Op-Ed: Going Remote to Stay Close
It’s been a busy year so far at Lawo, albeit for different reasons than originally anticipated. While all hands were on deck to ready the equipment for major sporting events in the US, Japan, Europe and other parts of the world, covid-19 brought the world to a grinding halt. Or so it seemed.
Quite a few deadlines had to be met despite the pandemic to allow broadcasters to stay on air or to go full steam as soon as sporting events resume. This has allowed the team to confirm that the solutions designed for remote production are also perfect for deployment and remote commissioning.
Lawo’s belief in manufacturer-agnostic industry standards and its active contribution to leading organizations helped pave the way for AES67, Ember+, and ST2110, without which remote (remi, at home) production would be unthinkable. First applied on a massive scale in 2016, in France, this production approach is now in the process of going mainstream. And there is more to “remote” than meets the eye.
Factory acceptance tests, network and system configurations, improvised, yet professional remote workstations, product demonstrations and training, gear updates… The Lawo team has been able to work through the lockdown and social distancing scenario, delivering an awe-inspiring series of real-life solutions in the face of adversity—thanks to the visionary adoption of IP technology over a decade ago.
Putting two and two together to come up with an effective strategy for each individual case was no doubt the main ingredient. Rather than having to find out to what extent the equipment installed on the client’s premises would tolerate remote access, Lawo engineers merely had to devise ways of interacting with clients and allowing them to both control devices from afar and monitor how they responded, obviously in real-time.
VPN connections played a part, but so did remote desktop and video conferencing software. Control software for the Power Core units (VisTool), mc² consoles series (mxGUI) and other devices (HTML) that provide virtual hands-on access to whatever clients are interested in have been around for a while.
An important consideration was how to allow operators in different parts of the world to see what was going on—simultaneously and interactively. This was solved for the world’s first factory acceptance test for the Norwegian broadcaster NRK, which went so well that it was repeated only days later for other gear.
Although the “communication software” varied, each remote project brought more refined solutions to the table. For WDR in Germany, for instance, which was to be in charge of broadcasting the (now rescheduled) European soccer championship, Lawo’s V__remote4 was used as “eyes and ears” for the specialists in Germany, Belgium, the Netherlands and Switzerland.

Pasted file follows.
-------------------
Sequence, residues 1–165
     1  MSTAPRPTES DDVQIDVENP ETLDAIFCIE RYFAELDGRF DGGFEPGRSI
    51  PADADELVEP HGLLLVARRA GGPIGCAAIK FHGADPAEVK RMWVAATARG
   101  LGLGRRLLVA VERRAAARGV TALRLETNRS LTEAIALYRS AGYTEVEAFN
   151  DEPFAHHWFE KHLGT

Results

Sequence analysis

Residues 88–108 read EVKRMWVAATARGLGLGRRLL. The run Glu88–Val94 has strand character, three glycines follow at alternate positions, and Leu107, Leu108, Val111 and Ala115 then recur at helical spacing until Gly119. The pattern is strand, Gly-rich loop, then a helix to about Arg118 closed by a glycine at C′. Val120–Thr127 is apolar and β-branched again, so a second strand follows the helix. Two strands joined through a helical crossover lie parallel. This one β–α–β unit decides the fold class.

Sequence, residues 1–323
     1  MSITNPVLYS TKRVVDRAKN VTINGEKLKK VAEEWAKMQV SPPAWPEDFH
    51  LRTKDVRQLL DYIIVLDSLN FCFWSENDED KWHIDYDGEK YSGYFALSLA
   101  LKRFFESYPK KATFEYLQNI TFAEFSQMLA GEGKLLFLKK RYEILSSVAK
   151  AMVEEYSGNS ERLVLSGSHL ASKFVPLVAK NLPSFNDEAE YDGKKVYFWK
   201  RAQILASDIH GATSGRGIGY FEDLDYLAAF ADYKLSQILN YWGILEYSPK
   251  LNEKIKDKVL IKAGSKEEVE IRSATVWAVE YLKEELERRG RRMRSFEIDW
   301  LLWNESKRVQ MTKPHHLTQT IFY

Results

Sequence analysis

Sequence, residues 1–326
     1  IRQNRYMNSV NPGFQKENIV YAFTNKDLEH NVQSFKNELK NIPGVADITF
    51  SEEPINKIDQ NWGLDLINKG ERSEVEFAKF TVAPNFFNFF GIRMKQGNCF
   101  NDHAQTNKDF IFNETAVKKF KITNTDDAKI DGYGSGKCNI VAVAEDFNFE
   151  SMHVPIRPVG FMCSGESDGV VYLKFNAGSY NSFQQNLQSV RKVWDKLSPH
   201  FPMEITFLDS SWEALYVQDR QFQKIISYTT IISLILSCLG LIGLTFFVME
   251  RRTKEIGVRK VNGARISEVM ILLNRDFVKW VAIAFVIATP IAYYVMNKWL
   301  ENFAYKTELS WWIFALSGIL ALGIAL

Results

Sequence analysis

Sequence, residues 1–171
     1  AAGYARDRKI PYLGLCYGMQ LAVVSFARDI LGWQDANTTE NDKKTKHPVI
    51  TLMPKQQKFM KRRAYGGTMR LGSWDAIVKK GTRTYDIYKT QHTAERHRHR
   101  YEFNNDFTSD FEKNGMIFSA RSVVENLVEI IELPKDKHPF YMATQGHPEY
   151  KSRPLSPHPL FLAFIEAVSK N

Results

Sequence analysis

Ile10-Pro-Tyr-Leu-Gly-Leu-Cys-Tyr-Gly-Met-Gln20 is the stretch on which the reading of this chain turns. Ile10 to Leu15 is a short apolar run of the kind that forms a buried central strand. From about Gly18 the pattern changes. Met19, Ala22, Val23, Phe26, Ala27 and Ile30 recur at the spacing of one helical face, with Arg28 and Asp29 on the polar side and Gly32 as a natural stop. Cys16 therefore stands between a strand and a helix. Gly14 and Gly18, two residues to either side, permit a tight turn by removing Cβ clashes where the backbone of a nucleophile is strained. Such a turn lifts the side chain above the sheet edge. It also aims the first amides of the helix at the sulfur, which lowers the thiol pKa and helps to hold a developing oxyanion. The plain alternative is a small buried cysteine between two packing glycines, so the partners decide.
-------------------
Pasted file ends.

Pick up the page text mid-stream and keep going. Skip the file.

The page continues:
Desktop-sharing software was all it took to allow operators in Rio de Janeiro to control and configure V__matrix C100 blades in Rastatt (Germany) during a virtual training session, which started out with four Globo engineers but quickly attracted ten more.
In the light of the above, remotely configuring NEP USA’s new SS4 OB truck, and configuring and factory-accepting two full-IP OB trucks in Germany from Belgium and the Netherlands, almost pale in comparison, even though they were successful remote deliveries in their own right.
Other examples include virtualizing MCRs and on-air studios in the US, Colombia, Europe, Ghana and many other countries—all from the homes of Lawo team members who managed to put the “distanced” engineers of the various broadcasters in firm—and safe—control of their operations.
Channel 9’s new green-field project in Australia, for its part, was configured from six different countries and vastly different time zones: Norway (north of the Arctic Circle), Jordan, Germany, Switzerland, the USA and Canada. That particular Lawo team not only prides itself on using its SMART telemetry solution for real-time status updates along the way, but also on the fact that over 50 tons of CO2 were saved in the process, because nobody was allowed to go on-site.
Audio engineers will probably argue that the absolute highlight is Lawo’s “Mix Kitchen” solution for its mc² ecosystem, which can be controlled from any place in the world with a decent internet connection—even using a smartphone as a 4G personal hotspot.
The ingredients for the above have been in place all along. Someone “just” had to put two and two together. The idea came to fruition during a remote product demonstration involving one console in Antwerp (Belgium) for real-time control of its sibling in Groningen (The Netherlands), two webcams and a Google Hangouts session. Layer and page switching, fader movements and setting tweaks in Antwerp were immediately replicated by the console in Groningen. How much more remote can you get to stay close to your customer base?
Oh and, 2020 is a very special year for Lawo. But the team decided that the 50th-anniversary celebrations in different parts of the world can wait until social mingling is deemed safe again. They will likely be even more exuberant when the Lawo team has had time to reflect on what it managed to accomplish in—as the saying goes—interesting times. For now, most of them are busy assisting Lawo users with viable solutions based on existing Lawo technology.
CLICK HERE for detailed descriptions of a series of successful remote configurations, acceptance tests, demonstrations and training sessions.